Then, after citing more truly heart-breaking examples of the impact of Arab gang violence, and alluding to the problem of domestic violence and so-called ‘honor-killings’ within Arab communities, McKernan uncritically cites the following:
“Most of this community was badly affected in 1948 [after the war surrounding Israel’s creation]. People were displaced, thrown into poverty. They had to start all over again, so of course there is crime,” said Fida Sh’hade, a local council member in Lod and one of several Arab women across Israel helping organise victims’ families into a vocal new political lobby called Mothers for Life.
“What is happening now is the reality of what happens when schools, jobs, opportunities for a whole people are withheld.
The root cause of crime in the Arab sector is complex and multi-faceted, and reflects decisions, trends and familial and cultural norms within the Arab community – as well as policies enacted in Jerusalem.
However, to blame the “displacement” that occurred around Israel’s creation, in 1948, for increased crime in their communities 73 years later is baffling. The entire population, both Jews and non-Jews, at the dawn of the Jewish state’s rebirth was poor, with many of the country’s Jews having only recently arrived after escaping displacement, persecution, ethnic cleansing and genocide in Europe, the Arab world and elsewhere – with many having lost all their money and assets. These Jewish refugees also had to “start all over again”.
Further, the blanket claim that the crime wave is the result of “schools, jobs [and] opportunities” for Arab Israelis are being “withheld” by Israel, is not only counter-factual, and inconsistent with of the views and experiences of most Arab citizens, but suggests an almost conspiratorial-like thinking incompatible with real progress.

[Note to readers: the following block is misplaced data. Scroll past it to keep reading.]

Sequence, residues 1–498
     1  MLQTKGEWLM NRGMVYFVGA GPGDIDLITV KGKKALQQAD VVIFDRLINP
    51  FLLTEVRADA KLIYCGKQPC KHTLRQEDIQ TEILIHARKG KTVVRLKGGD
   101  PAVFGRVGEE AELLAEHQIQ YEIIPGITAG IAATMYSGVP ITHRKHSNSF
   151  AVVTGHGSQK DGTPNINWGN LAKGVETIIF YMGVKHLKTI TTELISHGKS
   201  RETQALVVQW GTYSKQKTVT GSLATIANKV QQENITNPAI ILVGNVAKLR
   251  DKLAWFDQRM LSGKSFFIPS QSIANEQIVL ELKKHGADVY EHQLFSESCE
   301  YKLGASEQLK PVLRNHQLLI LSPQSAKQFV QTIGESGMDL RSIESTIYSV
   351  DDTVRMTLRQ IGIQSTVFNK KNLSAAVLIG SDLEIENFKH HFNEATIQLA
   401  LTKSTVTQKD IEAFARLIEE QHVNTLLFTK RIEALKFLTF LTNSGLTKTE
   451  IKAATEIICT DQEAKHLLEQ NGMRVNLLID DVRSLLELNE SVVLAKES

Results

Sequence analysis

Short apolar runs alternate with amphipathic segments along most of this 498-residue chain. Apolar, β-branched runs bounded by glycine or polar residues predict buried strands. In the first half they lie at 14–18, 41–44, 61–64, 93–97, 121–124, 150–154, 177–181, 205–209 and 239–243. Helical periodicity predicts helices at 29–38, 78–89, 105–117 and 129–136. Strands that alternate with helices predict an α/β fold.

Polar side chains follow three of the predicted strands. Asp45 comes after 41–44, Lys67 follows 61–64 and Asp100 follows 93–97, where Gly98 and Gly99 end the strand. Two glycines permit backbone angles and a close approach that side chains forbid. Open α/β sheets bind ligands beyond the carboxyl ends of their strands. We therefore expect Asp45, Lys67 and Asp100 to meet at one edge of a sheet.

A more helpful approach to the problem of crime in predominantly Arab cities in Israel would involve the assumption of Arab agency.
For example, McKernan writes that “Organised crime networks are deeply embedded in Arab society, who turn to mob bosses for loans when Israeli banks refuse their applications”. The inference Guardian readers would likely make is that Arabs are turned down for loans due to discrimination by Jewish bankers.
Yet, one of the reasons cited for many Arabs being turned down for loans is that the community has traditionally shied away” from using credit cards, relying instead on cash. This means that Arabs are less likely to have the credit histories used by banks to help determine loan eligibility. So, one Arab agency based solution to this particular problem – one that dismisses ‘the system is rigged’ fatalism represented by the woman McKernan chose to quote – could be to incentivise and promote the use of credit cards in these communities.
Of course, none of this is to suggest that Israel’s government shouldn’t be aggressively purusing policy solutions to the crime wave plaguing the state’s Arab citizens, only that, per the quote we cited in the opening of this post, treating Arab-Israelis as perpetual, passive victims of Israeli racism, devoid of any agency, is not only misguided, but extremely counter-productive.